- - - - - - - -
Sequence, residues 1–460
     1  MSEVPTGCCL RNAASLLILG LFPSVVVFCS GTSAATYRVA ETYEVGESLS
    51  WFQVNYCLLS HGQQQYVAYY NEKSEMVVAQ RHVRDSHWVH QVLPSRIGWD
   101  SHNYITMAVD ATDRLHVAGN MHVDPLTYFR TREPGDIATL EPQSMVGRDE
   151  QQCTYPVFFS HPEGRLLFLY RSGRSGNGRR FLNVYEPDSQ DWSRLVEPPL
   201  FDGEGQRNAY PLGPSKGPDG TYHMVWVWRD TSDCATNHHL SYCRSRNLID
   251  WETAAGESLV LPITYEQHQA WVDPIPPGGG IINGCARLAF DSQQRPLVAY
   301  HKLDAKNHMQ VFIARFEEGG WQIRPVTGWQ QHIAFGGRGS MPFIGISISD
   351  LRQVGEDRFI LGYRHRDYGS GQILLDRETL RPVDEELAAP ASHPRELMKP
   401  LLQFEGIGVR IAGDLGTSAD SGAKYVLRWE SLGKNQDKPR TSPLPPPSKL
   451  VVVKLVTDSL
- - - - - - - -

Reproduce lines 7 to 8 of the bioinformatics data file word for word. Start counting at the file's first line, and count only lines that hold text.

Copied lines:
   251  WETAAGESLV LPITYEQHQA WVDPIPPGGG IINGCARLAF DSQQRPLVAY
   301  HKLDAKNHMQ VFIARFEEGG WQIRPVTGWQ QHIAFGGRGS MPFIGISISD